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The Hired Man – Curve, Leicester

Writer: Melvyn Bragg

Music: Howard Goodall

Lyrics: Howard Goodall

Director: Daniel Buckroyd

Reviewer: Rebecca Taylor


The Hired Man CurveA spell-binding performance that will have you on an emotional rollercoaster throughout. This accomplished musical, a collaboration between Curve Theatre and Mercury Theatre, tells the story of a typical young family in Cumbria in the early 1900s, making a living by any means possible and struggling through life’s toils and troubles. The writer, Melvyn Bragg, has depicted a raw and honest account of life during a time of work depravation and the First World War, and director Daniel Buckroyd has done a sterling job of bringing the characters to life. Bragg’s account of the past, inspired by his grandfather’s life, seems an unlikely choice to become a musical; however, Howard Goodall’s musical interpretation provides the perfect emotive accompaniment to this quite familiar, yet compelling, story.

The storyline follows the lives of a young couple, played by David Hunter and Julie Atherton, as they move to the country to seek work and make an honest life for themselves. Following a shaky start to married life, the couple experience the precarious employment scene, followed by the joys as well as heartache of parenthood. Hunter and Atherton have a natural chemistry and both play their parts with true conviction, which holds ones attention throughout. Chris Staines also shines as Pennington, and other smaller parts, performing with fervour each time he is on stage. He is a joy to watch. Of equal talent, Jill Cardo brings humour and sensitivity to the character May, which she performs brilliantly. This production has a consistently strong cast, each actor and actress giving their all, which translates into truly believable characters on stage.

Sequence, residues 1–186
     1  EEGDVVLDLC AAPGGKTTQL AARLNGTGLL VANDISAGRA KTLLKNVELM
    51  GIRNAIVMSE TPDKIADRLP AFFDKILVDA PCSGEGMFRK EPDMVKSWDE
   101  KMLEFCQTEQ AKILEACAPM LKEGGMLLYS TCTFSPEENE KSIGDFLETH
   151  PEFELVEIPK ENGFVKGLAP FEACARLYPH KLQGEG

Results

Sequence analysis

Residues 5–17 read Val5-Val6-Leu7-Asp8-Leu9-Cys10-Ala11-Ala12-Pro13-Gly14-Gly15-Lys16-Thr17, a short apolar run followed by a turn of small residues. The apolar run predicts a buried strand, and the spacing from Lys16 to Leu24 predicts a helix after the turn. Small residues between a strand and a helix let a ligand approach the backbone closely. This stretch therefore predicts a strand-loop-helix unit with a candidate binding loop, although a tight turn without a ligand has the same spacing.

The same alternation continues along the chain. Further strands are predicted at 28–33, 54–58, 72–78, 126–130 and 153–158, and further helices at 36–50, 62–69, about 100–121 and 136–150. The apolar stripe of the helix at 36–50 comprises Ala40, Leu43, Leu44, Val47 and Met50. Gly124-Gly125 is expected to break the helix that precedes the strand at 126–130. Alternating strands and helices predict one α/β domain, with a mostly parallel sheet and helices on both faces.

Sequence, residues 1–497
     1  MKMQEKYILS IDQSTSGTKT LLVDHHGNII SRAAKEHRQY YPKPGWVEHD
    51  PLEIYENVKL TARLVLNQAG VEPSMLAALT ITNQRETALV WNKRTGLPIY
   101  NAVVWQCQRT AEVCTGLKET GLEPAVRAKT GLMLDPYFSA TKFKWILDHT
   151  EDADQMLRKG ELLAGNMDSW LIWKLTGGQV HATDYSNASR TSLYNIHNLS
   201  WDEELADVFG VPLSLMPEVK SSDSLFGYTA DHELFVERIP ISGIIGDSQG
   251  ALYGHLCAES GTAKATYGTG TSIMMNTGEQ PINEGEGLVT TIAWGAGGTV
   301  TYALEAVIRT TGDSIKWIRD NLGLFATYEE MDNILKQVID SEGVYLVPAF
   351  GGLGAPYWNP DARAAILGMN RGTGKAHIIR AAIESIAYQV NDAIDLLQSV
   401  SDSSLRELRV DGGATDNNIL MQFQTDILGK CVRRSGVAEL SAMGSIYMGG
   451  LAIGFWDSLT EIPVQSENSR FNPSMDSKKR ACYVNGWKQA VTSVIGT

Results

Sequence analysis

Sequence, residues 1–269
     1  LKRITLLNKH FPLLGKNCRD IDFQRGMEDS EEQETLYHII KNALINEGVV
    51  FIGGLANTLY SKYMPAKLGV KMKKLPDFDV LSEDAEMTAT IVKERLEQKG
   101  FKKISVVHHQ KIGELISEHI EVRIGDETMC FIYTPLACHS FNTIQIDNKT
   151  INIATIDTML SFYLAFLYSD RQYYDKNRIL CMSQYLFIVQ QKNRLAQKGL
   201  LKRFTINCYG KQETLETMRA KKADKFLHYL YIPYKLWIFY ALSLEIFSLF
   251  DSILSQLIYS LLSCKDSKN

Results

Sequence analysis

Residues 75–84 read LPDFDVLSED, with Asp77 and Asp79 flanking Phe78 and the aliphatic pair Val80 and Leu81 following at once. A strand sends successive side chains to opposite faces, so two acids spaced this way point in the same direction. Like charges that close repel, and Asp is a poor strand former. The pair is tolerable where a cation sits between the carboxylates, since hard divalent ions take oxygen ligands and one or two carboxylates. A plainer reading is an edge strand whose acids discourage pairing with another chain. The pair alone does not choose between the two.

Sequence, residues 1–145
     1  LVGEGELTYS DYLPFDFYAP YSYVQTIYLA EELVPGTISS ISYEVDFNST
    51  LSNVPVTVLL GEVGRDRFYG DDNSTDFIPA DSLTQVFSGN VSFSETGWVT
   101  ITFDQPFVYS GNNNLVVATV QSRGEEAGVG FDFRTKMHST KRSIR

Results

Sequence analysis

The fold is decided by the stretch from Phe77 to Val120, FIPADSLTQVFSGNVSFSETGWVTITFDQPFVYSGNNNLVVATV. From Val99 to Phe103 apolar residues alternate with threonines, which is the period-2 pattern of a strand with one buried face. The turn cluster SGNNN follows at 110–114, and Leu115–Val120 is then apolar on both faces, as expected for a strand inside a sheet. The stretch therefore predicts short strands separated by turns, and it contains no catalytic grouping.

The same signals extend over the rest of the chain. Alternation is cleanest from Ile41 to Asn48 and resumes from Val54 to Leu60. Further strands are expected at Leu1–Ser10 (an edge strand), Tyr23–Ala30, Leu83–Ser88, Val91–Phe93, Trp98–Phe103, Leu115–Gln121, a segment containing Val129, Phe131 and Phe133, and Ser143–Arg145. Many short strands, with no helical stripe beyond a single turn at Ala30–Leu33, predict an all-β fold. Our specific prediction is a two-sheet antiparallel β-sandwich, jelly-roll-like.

The vocal performances are very strong and give credit to a superb musical score. Goodall’s arrangement, under the supervision of Musical Director Richard Reeday, compliments the storyline entirely and is intrinsic in conveying the emotions running throughout. The musicians are a visible part of the performance and deserve special mention for the feeling with which each song is played. In addition, the structure of the set has been kept simple and seems fitting for the era it represents. An interchangeable set and props allow for quick scene changes, so focus remains entirely on the performance, and the lighting provides a dramatic backdrop; all of which enhances the poignant depiction of a significant time in British history.

The audience has no choice but be drawn into the lives of the characters, engaged by an evocative combination of convincing performances, moving songs and a captivating storyline. This is a must-see production that will have you welling up and laughing in equal measure.

Runs until 27th April


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